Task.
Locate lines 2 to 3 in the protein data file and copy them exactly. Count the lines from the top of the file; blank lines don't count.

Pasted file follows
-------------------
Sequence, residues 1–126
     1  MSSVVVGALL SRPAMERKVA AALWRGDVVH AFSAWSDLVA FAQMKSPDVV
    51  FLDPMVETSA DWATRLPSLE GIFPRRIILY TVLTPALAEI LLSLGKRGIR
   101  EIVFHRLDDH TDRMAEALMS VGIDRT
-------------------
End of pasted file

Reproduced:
     1  MSSVVVGALL SRPAMERKVA AALWRGDVVH AFSAWSDLVA FAQMKSPDVV
    51  FLDPMVETSA DWATRLPSLE GIFPRRIILY TVLTPALAEI LLSLGKRGIR